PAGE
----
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Novato Advance: Scope spotlight: outreach groups partner, promote year-round support

December 13, 2013

Reposted from the Novato Advance
Written by Nicole Baptista   
Article originally published by the Novato Advance, Dec. 13, 2013                                                                  
View the original story here >>

People patiently lined up along Marin Community Clinic's curb Dec. 5 and waited to fill their bags with onions, carrots, potatoes, lettuce and eggs. Residents didn't seem to mind the freezing temperature at the Novato site; some walked toward a diabetes screening booth after getting groceries, spoke with medical volunteers and checked out a free Zumba class offered on site. 

LIFT-Levántate, a nonprofit founded by Richard Waxman, provides what he calls a “community health hub,” and partners with the San Francisco and Marin Food Banks, local churches, schools and clinics. LIFT’s many Bay Area sites are all open to the public.

“We attract the working poor,” Waxman said. “We work with communities with the biggest challenges and the least amount of resources.”

Since April, LIFT has distributed 163,000 pounds of food to 300 households, helping people like Novato’s Jocelyne Diserens-Elltilaa.

“I still go to the Novato Human Needs food pantry at the church in Ignacio but I’m a single parent of two and now a grandparent,” said Diserens-Elltilaa, who began to access the Redwood Boulevard site after her food stamps were eliminated four months ago. “I need the help. It’s really a wonderful thing that they do.”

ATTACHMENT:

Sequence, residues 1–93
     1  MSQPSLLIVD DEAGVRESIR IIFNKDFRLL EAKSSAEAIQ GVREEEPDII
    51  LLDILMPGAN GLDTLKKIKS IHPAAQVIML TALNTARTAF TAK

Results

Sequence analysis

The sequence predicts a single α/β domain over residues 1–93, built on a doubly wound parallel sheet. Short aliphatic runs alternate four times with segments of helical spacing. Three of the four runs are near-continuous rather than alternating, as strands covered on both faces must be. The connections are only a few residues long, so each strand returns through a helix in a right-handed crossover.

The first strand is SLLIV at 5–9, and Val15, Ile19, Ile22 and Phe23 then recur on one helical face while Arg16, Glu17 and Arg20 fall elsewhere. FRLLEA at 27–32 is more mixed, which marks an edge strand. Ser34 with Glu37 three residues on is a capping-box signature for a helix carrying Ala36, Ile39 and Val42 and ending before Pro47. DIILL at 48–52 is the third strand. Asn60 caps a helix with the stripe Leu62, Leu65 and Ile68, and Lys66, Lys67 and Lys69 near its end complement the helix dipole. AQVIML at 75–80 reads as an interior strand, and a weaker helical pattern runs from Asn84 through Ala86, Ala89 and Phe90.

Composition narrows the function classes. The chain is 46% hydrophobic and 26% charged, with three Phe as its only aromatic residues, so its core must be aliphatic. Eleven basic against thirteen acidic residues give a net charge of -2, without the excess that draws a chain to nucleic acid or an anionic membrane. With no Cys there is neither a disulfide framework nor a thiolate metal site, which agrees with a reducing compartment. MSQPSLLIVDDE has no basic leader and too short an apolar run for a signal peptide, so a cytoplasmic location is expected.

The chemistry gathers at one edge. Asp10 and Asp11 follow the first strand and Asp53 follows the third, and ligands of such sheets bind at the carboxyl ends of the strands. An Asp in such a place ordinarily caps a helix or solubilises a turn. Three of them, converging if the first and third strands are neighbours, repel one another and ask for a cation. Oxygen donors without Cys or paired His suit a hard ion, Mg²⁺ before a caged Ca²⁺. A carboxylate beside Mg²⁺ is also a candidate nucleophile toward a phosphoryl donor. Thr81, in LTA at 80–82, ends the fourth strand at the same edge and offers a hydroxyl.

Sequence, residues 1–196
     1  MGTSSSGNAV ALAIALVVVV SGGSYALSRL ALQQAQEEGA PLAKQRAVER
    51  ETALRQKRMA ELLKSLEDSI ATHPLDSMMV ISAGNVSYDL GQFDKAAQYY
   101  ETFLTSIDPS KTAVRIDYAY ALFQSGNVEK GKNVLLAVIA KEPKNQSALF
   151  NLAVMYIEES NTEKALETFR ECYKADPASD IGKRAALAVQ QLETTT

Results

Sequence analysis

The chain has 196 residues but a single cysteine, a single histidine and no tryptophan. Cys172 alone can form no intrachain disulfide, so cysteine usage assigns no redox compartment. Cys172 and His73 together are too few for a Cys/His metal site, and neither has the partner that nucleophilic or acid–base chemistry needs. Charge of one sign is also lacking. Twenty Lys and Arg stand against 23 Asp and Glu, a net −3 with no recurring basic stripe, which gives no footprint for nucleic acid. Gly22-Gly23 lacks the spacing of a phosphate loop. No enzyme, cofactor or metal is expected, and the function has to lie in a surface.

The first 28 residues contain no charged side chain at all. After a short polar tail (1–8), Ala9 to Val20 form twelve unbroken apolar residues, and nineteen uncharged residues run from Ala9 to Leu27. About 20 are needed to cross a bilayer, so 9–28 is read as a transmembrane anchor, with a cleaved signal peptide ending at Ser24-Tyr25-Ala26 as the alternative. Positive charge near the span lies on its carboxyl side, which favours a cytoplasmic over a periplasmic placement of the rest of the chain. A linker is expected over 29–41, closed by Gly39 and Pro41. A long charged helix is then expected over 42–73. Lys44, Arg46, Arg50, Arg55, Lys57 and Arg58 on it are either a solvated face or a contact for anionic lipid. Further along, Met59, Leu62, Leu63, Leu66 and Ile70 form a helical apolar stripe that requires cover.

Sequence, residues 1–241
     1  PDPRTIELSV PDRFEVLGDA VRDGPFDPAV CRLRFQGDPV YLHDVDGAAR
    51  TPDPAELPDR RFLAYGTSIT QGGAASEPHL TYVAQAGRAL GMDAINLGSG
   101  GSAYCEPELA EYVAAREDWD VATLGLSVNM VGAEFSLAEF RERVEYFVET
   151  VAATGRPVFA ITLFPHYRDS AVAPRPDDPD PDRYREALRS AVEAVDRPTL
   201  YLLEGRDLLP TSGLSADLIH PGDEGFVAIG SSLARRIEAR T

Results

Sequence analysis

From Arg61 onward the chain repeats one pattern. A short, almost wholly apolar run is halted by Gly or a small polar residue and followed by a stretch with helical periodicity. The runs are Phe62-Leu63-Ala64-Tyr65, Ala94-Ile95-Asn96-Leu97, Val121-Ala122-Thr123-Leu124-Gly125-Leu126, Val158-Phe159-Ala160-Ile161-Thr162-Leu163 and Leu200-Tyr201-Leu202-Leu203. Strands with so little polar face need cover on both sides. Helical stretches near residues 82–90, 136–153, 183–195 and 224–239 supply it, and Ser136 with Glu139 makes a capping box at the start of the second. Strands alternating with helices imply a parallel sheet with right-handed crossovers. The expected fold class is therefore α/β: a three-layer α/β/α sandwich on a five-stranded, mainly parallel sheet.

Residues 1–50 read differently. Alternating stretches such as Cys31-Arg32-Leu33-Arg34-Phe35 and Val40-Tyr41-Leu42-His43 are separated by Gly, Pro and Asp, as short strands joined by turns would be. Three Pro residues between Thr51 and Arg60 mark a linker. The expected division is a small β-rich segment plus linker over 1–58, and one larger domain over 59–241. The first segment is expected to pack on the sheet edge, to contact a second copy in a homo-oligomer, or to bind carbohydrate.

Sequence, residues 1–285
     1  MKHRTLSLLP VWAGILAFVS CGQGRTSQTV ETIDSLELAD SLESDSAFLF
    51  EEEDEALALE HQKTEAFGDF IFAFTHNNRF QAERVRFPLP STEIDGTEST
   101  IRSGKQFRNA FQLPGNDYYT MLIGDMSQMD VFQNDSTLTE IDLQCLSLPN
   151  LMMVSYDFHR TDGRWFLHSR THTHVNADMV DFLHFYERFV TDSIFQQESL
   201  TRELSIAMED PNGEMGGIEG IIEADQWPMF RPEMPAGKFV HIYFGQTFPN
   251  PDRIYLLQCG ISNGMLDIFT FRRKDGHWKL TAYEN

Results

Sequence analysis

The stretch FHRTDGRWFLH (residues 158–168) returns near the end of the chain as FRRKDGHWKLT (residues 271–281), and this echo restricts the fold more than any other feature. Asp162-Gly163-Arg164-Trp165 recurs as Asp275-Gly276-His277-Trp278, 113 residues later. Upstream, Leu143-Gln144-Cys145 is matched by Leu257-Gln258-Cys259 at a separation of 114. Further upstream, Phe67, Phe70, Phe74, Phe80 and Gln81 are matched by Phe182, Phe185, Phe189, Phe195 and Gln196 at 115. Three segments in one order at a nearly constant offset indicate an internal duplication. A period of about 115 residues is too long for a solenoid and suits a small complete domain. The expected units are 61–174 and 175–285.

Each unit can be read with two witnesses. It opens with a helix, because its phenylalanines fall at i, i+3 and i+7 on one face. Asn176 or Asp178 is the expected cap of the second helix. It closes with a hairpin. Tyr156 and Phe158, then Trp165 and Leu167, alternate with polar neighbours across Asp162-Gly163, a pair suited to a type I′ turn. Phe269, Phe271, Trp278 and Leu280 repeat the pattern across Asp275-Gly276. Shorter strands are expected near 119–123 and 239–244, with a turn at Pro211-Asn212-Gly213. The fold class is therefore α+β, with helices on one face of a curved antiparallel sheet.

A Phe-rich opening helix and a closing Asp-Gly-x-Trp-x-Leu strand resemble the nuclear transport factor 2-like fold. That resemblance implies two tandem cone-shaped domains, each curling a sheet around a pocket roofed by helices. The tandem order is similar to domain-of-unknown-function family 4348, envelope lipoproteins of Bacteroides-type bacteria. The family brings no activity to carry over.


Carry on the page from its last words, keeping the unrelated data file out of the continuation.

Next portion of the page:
Michelle Garcilazo of the Marin Food Bank works with 40 pantry sites throughout the county and partners with various nonprofits to deliver and sometimes distribute food.

“Marin County is a place that most people perceive as being affluent,” Garcilazo said. “People assume that the only people that need services are from Marin City, Novato and the Canal District (in San Rafael). But that’s not true. Many are seniors from Corte Madera and West Marin.”

Partnering with nonprofits like LIFT allows the Food Bank to hone in on each community’s specific needs.

After tending a field, some workers head to food distribution sites where they can access the harvest that they may have grown themselves but couldn’t afford. Many pantries are open in the late afternoons and evenings to accommodate those who work multiple jobs; school pantries also offer food as early as 6 a.m.

“There is a strong need in Marin because it is so expensive to live here,” Garcilazo said. “Many people don’t have access to healthy, affordable food. Sixty to 70 percent of the Food Bank’s distribution is fresh fruits and vegetables.”

Both the Food Bank and LIFT want residents to come back every week.

“We always have people giving back this time of year,” said Blain Johnson, the SF/Marin Food Banks’ media relations manager. “But Christmas, for us, is 365 days of the year.”

LIFT’s community health hub also offers free, culturally-appropriate physical activity classes and partners with medical clinics to assist residents who don’t have health insurance.

“We are the only agency that provides free diabetes screenings in public locations,” Waxman said. “We offer so much more than healthy food. Our bi-lingual staff can directly counsel a person to the clinic or another health system.”

One in seven Californians has diabetes, but millions live with the disease undetected, Waxman said.

“Having diabetes doesn’t have to become more chronic,” Waxman said. “We have an art therapist, who is diabetic herself, and acts as a counselor.”